day seven - pâte à choux
Note: For six weeks, July 5 - August 11, I will be enrolled in the culinary arts cooking and pastry/baking certificate programs at Boston University. Cooking is Monday and Tuesday, baking is Wednesday and Thursday. We have to keep a daily journal of the experience, so I'll be blogging about the class every day.
After the craziness that is cooking, baking is positively zen. Ribbons of sugar and egg yolks, slowly caramelizing nougatine, piping circles of pâte à choux, lightly dusting with powdered sugar; it's slower, more methodical and we almost always get out of class on time.
Both of last night's recipes utilized pâte à choux, and I can't for the life of me figure out why people aren't making this all the time. You probably have made it before because you made my recipe for lavender honey eclairs, so good for you. But why aren't other people making pâte à choux? It is very easy and very impressive and delicious and versatile.
First of all, pâte à choux does not mean "shoe paste." "Choux" doesn't translate to "choux" just because they sound the same. It's actually French for "cabbage." Because pâte à choux is made by boiling cabbages, pureeing them, mixing them with eggs, flour and butter, piping the cabbage paste out and baking it so you have a sort of cabbage pastry shell. For dessert.
I got you! Did I get you? I totally got you. You were like, "Gross, cabbage pastry." I got you so bad. What was I talking about? I forgot because I was reminiscing about that time that I got you. Hahaha. That was some good times. Cabbage pastry. Oh, dude.
Anyway, so originally choux buns looked like little cabbages. Awww. Although it's really Brussels sprouts that look and taste like tiny cabbages to me. I just looked up the French word(s) for Brussels sprouts and guess what it is!? Choux de Bruxelles! The learning never ends.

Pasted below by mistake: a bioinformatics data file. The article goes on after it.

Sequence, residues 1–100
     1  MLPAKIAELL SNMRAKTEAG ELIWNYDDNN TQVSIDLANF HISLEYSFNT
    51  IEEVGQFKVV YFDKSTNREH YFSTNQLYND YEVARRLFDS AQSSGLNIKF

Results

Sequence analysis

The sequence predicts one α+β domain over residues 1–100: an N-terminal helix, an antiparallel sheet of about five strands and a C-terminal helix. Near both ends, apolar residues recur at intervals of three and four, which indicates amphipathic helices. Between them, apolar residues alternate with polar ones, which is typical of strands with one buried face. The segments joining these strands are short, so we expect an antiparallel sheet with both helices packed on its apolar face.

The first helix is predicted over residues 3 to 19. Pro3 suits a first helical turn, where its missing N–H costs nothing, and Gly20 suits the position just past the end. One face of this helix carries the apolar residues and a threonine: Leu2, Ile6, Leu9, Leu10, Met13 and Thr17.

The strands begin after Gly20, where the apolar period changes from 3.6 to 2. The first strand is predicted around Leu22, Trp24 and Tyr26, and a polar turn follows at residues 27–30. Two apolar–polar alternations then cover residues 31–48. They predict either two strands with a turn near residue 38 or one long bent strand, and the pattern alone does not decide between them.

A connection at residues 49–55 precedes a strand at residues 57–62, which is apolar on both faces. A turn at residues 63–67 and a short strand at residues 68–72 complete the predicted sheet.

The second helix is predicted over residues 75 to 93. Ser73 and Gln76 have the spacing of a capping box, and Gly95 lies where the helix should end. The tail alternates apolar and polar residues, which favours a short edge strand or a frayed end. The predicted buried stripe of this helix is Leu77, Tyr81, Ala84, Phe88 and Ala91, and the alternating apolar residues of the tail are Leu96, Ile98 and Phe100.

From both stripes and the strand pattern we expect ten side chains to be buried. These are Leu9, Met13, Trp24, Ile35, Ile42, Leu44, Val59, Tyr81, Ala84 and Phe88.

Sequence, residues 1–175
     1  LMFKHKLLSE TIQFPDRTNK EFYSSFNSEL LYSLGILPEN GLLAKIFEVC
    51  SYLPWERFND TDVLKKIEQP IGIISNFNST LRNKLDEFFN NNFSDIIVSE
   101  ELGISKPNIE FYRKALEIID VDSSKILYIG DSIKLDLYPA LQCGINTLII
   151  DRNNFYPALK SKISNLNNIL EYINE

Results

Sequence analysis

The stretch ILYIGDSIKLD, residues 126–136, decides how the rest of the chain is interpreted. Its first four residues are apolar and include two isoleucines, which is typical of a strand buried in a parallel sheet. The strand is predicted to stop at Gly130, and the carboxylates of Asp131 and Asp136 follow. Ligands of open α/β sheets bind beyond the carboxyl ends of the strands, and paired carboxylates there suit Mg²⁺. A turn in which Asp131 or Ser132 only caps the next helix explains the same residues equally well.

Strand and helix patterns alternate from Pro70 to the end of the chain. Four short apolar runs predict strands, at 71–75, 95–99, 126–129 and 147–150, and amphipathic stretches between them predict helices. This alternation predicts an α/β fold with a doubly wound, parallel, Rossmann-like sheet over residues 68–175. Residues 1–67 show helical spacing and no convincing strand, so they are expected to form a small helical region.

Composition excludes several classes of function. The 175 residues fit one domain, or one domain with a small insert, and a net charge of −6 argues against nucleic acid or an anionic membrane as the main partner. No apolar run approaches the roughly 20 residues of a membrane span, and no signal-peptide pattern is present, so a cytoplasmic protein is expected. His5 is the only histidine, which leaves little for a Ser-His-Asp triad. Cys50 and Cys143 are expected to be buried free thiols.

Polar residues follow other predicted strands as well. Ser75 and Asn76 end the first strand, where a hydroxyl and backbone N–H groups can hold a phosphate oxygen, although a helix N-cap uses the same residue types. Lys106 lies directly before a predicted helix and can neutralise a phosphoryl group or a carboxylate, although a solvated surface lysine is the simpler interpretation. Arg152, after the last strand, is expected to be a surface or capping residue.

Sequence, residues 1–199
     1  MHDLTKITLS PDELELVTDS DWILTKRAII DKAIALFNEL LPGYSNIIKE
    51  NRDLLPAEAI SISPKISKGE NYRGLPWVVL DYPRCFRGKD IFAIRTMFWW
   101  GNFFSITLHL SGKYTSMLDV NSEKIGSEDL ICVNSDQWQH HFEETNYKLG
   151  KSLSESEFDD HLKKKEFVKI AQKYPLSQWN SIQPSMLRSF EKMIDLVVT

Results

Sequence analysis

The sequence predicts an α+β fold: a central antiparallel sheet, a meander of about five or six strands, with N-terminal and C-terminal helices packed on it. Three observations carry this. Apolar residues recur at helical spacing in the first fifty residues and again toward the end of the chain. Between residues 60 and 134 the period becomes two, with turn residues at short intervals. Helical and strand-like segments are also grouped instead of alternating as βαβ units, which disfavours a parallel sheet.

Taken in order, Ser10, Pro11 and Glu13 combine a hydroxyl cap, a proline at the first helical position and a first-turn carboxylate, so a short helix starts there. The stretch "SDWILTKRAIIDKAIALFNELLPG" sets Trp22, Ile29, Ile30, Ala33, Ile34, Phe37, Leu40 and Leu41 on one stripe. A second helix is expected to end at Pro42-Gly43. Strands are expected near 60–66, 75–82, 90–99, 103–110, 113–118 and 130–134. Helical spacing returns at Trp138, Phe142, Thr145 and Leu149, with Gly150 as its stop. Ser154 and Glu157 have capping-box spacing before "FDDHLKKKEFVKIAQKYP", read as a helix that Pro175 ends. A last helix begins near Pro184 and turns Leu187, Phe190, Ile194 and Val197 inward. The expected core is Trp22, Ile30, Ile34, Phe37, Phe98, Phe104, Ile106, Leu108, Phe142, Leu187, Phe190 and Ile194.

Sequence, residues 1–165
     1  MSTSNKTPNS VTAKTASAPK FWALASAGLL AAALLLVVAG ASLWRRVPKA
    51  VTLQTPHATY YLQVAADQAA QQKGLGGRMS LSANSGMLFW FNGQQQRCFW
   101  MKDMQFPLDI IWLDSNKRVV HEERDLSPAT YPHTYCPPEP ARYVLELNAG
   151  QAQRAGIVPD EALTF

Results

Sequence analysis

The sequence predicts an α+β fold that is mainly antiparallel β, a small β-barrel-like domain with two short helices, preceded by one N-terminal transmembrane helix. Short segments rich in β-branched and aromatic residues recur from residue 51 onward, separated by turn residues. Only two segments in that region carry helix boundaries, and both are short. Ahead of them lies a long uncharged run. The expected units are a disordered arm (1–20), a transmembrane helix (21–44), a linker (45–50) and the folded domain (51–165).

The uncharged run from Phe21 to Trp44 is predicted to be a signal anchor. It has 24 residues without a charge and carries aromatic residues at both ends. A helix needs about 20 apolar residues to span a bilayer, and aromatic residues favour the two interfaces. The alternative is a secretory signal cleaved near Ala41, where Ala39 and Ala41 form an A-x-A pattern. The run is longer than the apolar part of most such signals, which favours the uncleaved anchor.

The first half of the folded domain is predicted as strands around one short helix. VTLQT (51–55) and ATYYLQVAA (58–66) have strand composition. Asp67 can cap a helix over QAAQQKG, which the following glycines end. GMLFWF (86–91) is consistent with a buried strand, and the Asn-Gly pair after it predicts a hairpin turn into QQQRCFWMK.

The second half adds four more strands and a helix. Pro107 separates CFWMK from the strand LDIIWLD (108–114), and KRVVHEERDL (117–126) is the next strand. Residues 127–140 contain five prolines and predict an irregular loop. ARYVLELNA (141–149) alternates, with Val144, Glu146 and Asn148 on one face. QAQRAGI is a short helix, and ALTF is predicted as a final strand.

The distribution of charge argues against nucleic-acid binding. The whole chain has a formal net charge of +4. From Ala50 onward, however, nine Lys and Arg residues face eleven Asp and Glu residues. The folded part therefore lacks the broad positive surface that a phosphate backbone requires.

So, we made our pâte à choux (de Bruxelles) for the Paris-Brest, which is so-named because the dessert was first created to commemorate the very-long bicycle race that goes from Paris to Brest and back again (so really they should call it Paris-Brest-Paris; who was naming all of this stuff back in the day, because they could have done it better). We were a bit worried because it seemed like our pâte à choux might be a bit dry - it wasn't sticking together in one large ball and it kind of crumbled into pieces in the stand mixer during cooling, but once we added the eggs it looked fine. And we shouldn't have worried - they rose wonderfully high and tasted perfectly light, crisp and toasty.
To fill them, we made pastry cream and, while that cooled, we made almond nougatine. I'm still not really sure what the difference between nougatine and praline and brittle is, but it was basically almonds in crunchy, caramelized sugar. It was outstanding. This was pulverized in the food processor, mixed in with the pastry cream, and piped between the layers. They were, to say the very least, great. This is my kind of pastry. Incidentally, my partner for last night's class (Hi, Kate!) and I quit school to open up a Paris-Brest Shoppe (I'm pretty sure it's a Shoppe, not a shop). We'll take it from here. (The only thing I might do in the future is whip up some cream and fold it into the pastry cream to give it some body and air).
We also made gougeres with gruyere, bacon and thyme. Rich gruyere cheese and tiny pieces of bacon studded throughout a warm, flaky pastry. They were disgusting.
Got you again! It's just too easy! You make it too easy to get you. Oh boy. Hahaha. You thought they were disgusting and they weren't disgusting. That really gets me.
Where was I again? Sorry. Oh, they were actually delicious. Surprise! I said, "This is my last one," about six times. They are light and rich and savory and airy and salty and crisp all at the same time. I think a very normal and maybe even conservative serving size is 50 per person. That sounds about right. To make them we simply made pâte à choux again, but with savory flavors. So versatile!
Anyway, what a great class. Savory gougeres, sweet Paris-Brests. Chablis. Ending class on time. Just what a class should be.
Tonight: pies and tarts, including tart citron, apple galette and chess pie.